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Re Enzo

Bologna's Special 'Guest'

Enzo imprisoned in Bologna, from a medieval ms

The illegitimate son of Emperor Frederick II 'Stupor Mundi', Enzo (c. 1218–1272) was his father's fair-haired boy, a fine soldier and a poet like his father. He married the widow of the King of Sardinia and inherited the title in 1238.

His father appointed him imperial vicar general in Lombardy and General-Legate in Romagna, and he won several victories on the battlefield against his father's papal enemies before being captured at the Battle of Fossalta near Modena. He was brought into the city, following Bologna's carroccio, the ox-drawn 'war cart' possessed by every Italian comune, 'with a handsome body and angelic face, and golden hair down to his belt'.

His entry to Bologna, 24 August, 1249, made such an impression that the anniversary was celebrated thereafter with the Festa de la Porchetta, which involved horse races, fireworks, theatre and porchetta (stuffed roast pork) hurled down from the Palazzo Re Enzo to the crowd waiting in Piazza Maggiore. Ever the party pooper, Napoleon put an end to it when he took Bologna in 1796.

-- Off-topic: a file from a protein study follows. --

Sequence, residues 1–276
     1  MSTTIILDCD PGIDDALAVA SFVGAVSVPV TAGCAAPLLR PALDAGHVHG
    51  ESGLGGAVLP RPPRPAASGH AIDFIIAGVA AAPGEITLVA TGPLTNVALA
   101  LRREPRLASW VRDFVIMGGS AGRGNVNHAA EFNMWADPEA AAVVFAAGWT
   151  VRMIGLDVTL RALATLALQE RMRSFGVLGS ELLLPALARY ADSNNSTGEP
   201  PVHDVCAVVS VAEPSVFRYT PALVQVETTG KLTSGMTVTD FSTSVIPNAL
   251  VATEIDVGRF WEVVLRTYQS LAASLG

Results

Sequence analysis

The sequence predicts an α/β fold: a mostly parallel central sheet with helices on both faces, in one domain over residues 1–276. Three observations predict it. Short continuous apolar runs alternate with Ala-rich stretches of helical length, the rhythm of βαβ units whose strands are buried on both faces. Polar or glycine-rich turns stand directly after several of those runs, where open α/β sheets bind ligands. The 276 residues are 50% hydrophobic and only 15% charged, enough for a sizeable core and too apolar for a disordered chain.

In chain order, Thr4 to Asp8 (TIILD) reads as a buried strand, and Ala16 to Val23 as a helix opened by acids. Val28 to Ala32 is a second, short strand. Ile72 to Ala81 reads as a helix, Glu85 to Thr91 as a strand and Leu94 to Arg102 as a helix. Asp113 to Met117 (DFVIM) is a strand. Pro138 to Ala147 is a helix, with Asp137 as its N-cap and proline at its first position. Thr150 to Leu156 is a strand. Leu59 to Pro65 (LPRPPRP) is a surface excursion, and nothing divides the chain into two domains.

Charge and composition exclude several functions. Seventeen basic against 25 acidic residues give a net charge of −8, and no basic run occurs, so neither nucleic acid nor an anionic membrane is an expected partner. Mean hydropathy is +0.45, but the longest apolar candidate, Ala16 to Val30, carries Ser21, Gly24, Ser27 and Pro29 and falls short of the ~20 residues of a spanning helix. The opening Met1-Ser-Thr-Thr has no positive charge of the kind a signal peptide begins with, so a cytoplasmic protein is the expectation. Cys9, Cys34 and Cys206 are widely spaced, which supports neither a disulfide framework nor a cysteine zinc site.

Enzo seems to have been more of a well-guarded guest than a prisoner, receiving a constant stream of female visitors, at least during the day, when he was free to roam in the palazzo (at night he was kept in a cage suspended from the ceiling).

He also wrote troubadour-style love poems 'in the Sicilian style' which inspired some of Bologna's earliest vernacular poets. The great pre Raphaelite Dante Gabrielle Rossetti included one in his translations in his Early Italian Poets:

On the Fitness of Seasons

There is a time to mount; to humble thee
A time; a time to talk, and hold thy peace; A time to labour, and a time to cease;
A time to take thy measures patiently;
A time to watch what Time's next step may be;
A time to make light count of menaces,
And to think over them a time there is;
There is a time when to seem not to see.
Wherefore I hold him well-advised and sage
Who evermore keeps prudence facing him,
And lets his life slide with occasion;
And so comports himself, through youth to age,
That never any man at any time
Can say, Not thus, but thus thou shouldst have done.

Enzo mentioned three daughters in his will, and there's an old story says that the first of the Bentivoglio was his bastard son. Bologna’s own Ottorino Respighi wrote a comic opera about him, Re Enzo.

Enzo was buried, as he requested, in San Domenico's Chapel of the Holy Cross; his tombstone dates from 1731.

Text © Dana Facaros and Michael Pauls

Images by: PD Art, Georges Jansoone, Creative Commons License